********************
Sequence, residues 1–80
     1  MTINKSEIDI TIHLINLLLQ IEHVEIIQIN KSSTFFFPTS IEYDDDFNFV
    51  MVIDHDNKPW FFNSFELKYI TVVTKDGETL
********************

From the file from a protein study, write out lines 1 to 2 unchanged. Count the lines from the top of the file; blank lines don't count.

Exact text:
Sequence, residues 1–80
     1  MTINKSEIDI TIHLINLLLQ IEHVEIIQIN KSSTFFFPTS IEYDDDFNFV